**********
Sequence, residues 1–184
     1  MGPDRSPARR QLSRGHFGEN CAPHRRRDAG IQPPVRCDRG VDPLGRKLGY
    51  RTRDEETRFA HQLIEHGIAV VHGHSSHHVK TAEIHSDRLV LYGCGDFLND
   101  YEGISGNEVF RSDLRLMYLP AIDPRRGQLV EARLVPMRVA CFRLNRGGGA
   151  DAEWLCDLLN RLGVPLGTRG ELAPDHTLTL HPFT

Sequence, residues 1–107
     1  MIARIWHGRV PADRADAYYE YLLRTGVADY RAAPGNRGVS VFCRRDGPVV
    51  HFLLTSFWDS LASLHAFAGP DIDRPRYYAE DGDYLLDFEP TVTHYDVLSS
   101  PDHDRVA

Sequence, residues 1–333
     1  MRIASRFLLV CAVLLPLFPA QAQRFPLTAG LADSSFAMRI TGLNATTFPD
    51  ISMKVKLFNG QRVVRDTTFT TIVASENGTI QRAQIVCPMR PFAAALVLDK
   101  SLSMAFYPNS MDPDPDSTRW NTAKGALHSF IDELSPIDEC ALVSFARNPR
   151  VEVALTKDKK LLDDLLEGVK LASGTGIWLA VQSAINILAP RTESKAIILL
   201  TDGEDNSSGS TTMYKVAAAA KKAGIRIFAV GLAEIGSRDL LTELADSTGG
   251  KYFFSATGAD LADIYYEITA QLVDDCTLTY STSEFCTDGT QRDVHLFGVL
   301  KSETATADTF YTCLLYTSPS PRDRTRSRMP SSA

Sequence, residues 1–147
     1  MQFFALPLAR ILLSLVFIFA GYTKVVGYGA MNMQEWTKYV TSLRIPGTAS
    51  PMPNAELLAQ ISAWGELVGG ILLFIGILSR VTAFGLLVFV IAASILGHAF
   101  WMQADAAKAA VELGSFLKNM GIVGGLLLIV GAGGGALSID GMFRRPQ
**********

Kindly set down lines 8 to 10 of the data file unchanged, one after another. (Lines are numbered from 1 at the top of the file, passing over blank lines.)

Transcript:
    51  HFLLTSFWDS LASLHAFAGP DIDRPRYYAE DGDYLLDFEP TVTHYDVLSS
   101  PDHDRVA

Sequence, residues 1–333